The Trump administration has reportedly ordered US ambassadors in UNESCO member states to initiate meetings with their host countries’ foreign ministries in a bid to defeat an anti-Israel resolution that is to be debated at the UN cultural organization next week.
The passage last October by 23 votes to 6 of a UNESCO resolution sponsored by Arab states that ignored Jewish and Christian historical ties to Jerusalem holy sites sparked an outcry in Israel, and was castigated by then-presidential candidate Donald Trump.
Israel and the United States suspended their funding to UNESCO in 2011 after the Palestinians were admitted as members. Both countries lost their voting rights as a result.
Next Monday, UNESCO is set to vote on a resolution that includes clauses denying any Jewish connection to the Cave of the Patriarchs in Hebron and Rachel’s Tomb in Bethlehem, and that attacks Israel for the killing of children in Gaza, Israel’s Channel 10 news reported Monday.
The US administration, aware that it will not be able to prevent the introduction of the resolution, is seeking to defeat it. It has issued a démarche to its ambassadors in UNESCO-member countries, telling them to initiate meetings at the host foreign ministries and to convey the US’s hope that those countries will vote against the motion, Channel 10 said.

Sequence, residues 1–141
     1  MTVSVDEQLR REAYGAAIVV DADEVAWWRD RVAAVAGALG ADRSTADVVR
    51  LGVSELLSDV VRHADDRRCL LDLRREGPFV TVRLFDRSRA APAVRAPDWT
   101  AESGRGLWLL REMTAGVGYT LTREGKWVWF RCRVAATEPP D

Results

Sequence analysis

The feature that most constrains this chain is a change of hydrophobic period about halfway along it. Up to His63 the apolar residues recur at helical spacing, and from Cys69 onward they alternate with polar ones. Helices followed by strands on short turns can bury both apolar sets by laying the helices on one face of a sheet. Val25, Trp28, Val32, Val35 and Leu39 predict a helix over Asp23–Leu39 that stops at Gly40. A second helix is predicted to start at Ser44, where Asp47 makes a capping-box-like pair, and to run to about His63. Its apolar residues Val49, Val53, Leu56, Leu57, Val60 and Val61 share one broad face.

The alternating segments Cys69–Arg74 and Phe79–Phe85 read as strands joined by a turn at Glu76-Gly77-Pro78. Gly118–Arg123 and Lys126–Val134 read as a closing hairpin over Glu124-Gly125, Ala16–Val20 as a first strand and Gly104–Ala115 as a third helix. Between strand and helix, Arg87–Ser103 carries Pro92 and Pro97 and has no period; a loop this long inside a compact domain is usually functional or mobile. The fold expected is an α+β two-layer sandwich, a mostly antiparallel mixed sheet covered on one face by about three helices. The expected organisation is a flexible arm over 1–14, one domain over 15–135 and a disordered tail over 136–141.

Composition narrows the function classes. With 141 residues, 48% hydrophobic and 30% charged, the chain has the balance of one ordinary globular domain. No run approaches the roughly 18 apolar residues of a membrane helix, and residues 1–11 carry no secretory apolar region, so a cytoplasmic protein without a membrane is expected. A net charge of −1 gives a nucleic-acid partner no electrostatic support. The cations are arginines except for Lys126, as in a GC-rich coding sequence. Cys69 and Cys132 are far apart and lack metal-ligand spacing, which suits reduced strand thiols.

In the note to its ambassadors, the administration describes the upcoming UNESCO motion as one-sided and counter-productive to US efforts to advance Israeli-Palestinian peace, and expresses dismay at the recurring anti-Israel resolutions at UNESCO.
Trump has reportedly been considering dramatic steps to cut US funding to various UN bodies and other institutions.
After the UN Security Council voted in December to brand West Bank settlements illegal, and the Obama administration opted not to veto the resolution, Trump promised that “things will be different” once he took office.
The resolution passed by UNESCO in October referred to the Temple Mount and Western Wall only by their Muslim names and condemned Israel as “the occupying power” for various actions taken at both sites.
The director-general of UNESCO, Irina Bokova, signaled her dismay and opposition to the motion, saying that efforts to deny history and Jerusalem’s complex multi-faith character harm UNESCO. “The heritage of Jerusalem is indivisible, and each of its communities has a right to the explicit recognition of their history and relationship with the city,” Bokova said in a statement at the time.
Bokova’s statement came after Israel announced it was suspending its cooperation with UNESCO over the vote. Israeli leadership reacted furiously to the resolution, with some accusing the UN’s cultural arm of anti-Semitism.
AFP and Times of Israel staff contributed to this report.